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Your Money with Mark: Here are some tips for investing in today's stock market

Financial Expert Mark Grywacheski's biggest takeaway: Respect the unknown for how this market might play out in the second half of 2022.

MOLINE, Ill. — Last week, the S&P 500 rose 2.5%, the Nasdaq gained 3.3% and the Dow Jones Industrial Average increased by 2%. Despite the week's gains, the U.S. stock market is in the middle of a seven-month decline that’s caused investors a lot of pain and anxiety. So far this year, all three major stock market indexes have suffered significant double-digit losses.

Monday, July 25 on Good Morning Quad Cities, Financial Advisor Mark Grywacheski with the Quad Cities Investment Group spoke with News 8's David Bohlman about the state of the stock market and how investors can best navigate it.

Bohlman: What are your thoughts on the state of the stock market?

Grywacheski: In the first three weeks of July, we have seen a slight rise off the lows of this seven-month decline we’ve seen across the U.S. stock market. But the graph below shows just how significant this sell-off has been. 

Credit: WQAD
First six-month performance of stock market in 2022

In the first six months of the year, the S&P 500 lost 20.6%, its worst performance going back to 1970. The Nasdaq lost 29.5%, its worst performance in the entire history of the Nasdaq stock index. The Dow Jones Industrial Average lost 15.3%, its worst performance since 1962.

The stock market often serves as a proxy for the health of the U.S. economy. This sell-off is caused by high inflation, rising interest rates and the growing concern that the economy is heading towards a recession.

What’s the difference between these three indexes, and in your opinion, which ones might you follow more closely than the other?

There are a lot of different stock indexes, but these are the three major ones that Wall Street typically mentions.

The S&P 500 is often referred to as the “broader” stock market index as it tracks the stock performance of the 500 largest publicly traded companies in the US.

The Nasdaq, often referred to as the “tech-heavy” Nasdaq, tracks the performance of over 3,000 companies. Many of them are in the technology sector. Technology has been and will be a driving force within the U.S. economy.

Finally, the Dow Jones Industrial Average is the oldest stock market index, created about 130 years ago. But the Dow Jones is only comprised of 30 stocks. In today’s economy, it really doesn’t capture the breadth of the stock market like to S&P 500 or the Nasdaq, which captures the influence of the technology sector.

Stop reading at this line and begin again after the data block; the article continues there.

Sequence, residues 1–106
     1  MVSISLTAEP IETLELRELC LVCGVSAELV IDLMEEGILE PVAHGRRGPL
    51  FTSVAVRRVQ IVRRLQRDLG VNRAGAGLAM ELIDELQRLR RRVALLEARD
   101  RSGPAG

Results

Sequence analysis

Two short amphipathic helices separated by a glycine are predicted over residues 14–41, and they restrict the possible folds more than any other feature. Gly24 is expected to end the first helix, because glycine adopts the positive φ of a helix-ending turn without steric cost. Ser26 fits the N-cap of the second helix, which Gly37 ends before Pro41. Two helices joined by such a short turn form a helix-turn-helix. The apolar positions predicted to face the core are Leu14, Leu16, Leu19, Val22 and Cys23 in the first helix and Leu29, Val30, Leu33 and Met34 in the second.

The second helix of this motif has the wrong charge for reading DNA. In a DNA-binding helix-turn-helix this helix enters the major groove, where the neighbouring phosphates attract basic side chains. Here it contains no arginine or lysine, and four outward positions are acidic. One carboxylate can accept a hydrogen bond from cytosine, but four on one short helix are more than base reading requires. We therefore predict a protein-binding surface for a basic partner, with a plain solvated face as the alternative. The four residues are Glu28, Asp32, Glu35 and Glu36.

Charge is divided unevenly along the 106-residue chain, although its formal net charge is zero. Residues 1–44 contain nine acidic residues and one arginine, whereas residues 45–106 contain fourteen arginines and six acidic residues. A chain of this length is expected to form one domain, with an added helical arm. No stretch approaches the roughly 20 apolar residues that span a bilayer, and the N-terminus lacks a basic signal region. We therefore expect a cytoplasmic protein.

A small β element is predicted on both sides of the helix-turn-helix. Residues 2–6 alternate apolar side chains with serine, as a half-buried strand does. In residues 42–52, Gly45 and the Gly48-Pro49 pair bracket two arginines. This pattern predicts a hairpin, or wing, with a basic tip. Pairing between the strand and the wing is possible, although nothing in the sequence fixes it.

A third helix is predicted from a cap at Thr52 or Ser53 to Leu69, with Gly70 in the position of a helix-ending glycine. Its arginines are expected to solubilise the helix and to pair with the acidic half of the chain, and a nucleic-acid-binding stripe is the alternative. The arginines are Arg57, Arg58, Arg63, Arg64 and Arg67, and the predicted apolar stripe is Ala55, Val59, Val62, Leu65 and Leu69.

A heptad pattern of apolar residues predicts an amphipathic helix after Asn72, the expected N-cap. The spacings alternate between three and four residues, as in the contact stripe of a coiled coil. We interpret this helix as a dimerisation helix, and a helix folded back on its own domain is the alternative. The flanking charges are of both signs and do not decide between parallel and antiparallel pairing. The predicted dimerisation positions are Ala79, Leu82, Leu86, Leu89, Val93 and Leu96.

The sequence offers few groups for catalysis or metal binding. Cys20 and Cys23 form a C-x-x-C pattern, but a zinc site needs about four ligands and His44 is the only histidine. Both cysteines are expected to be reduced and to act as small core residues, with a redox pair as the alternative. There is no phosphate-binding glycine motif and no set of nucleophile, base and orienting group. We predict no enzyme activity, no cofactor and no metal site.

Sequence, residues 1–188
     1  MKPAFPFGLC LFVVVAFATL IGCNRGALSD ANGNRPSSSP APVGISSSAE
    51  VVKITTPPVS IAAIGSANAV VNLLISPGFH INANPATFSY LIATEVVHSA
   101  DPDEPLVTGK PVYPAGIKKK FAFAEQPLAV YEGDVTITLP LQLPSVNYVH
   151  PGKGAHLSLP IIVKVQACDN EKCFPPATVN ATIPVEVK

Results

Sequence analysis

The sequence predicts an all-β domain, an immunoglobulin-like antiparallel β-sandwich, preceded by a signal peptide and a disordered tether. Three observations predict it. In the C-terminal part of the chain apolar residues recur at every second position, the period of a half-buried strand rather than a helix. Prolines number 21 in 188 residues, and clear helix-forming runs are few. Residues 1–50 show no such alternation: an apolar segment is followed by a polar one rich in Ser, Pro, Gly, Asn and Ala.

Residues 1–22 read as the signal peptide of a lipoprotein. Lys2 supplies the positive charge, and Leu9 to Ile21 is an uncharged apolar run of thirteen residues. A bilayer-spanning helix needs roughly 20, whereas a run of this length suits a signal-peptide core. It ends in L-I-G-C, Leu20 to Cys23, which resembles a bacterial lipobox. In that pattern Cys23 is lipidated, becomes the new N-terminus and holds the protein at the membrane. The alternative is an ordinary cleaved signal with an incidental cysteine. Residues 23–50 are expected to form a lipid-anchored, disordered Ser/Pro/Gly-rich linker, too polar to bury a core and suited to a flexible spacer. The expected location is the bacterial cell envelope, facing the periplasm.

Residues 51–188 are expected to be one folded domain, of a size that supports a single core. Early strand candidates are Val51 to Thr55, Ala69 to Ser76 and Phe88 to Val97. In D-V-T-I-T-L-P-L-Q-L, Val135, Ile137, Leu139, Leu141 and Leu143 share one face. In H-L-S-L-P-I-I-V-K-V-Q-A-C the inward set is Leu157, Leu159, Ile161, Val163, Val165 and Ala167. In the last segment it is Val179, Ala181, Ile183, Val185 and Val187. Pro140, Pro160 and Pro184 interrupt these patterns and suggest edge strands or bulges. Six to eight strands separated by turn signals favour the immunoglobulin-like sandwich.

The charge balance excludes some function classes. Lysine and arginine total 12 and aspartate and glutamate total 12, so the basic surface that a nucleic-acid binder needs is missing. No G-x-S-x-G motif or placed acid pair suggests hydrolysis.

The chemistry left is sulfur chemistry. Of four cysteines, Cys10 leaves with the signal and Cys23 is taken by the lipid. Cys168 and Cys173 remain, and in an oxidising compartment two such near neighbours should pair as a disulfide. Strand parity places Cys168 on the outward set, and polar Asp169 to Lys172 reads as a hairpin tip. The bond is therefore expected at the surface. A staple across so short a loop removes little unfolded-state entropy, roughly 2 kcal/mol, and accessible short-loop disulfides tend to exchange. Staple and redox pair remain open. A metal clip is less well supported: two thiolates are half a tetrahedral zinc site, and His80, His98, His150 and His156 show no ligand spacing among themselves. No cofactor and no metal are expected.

But it’s really the top two - the S&P 500 and Nasdaq - that Wall Street relies on.

RELATED: Treasury Secretary downplays US recession risk as economic reports loom

As we get into the second half of this year, what are your thoughts for investors on how to best navigate the stock market?

If there’s one takeaway from this week’s segment it’s this: Respect the unknown for how this market might play out in the second half of this year. 

There are a lot of uncertainties:

  • To what extent will inflation start to decline?
  • To what extent will the Federal Reserve continue raising interest rates?
  • Does the economy go into recession?
  • If so, when and to what extent? Will it be short-term/mild or longer/more severe?

My advice:

  • Stay diversified. There’s a time and a place to become a bit more aggressive in your portfolio. Now is not the time.
  • Be patient. In the entire 130-year history of the U.S. stock market, the market has always recovered and went on to set new all-time highs. We just don’t know how many days/weeks/months that will be.

Watch "Your Money with Mark" segments Mondays during the 5 a.m. hour of Good Morning Quad Cities.

Quad Cities Investment Group is a Registered Investment Adviser. This material is solely for informational purposes. Advisory services are only offered to clients or prospective clients where Quad Cities Investment Group and its representatives are properly licensed or exempt from licensure. Past performance is no guarantee of future returns. Investing involves risk and possible loss of principal capital. No advice may be rendered by Quad Cities Investment Group unless a client service agreement is in place.

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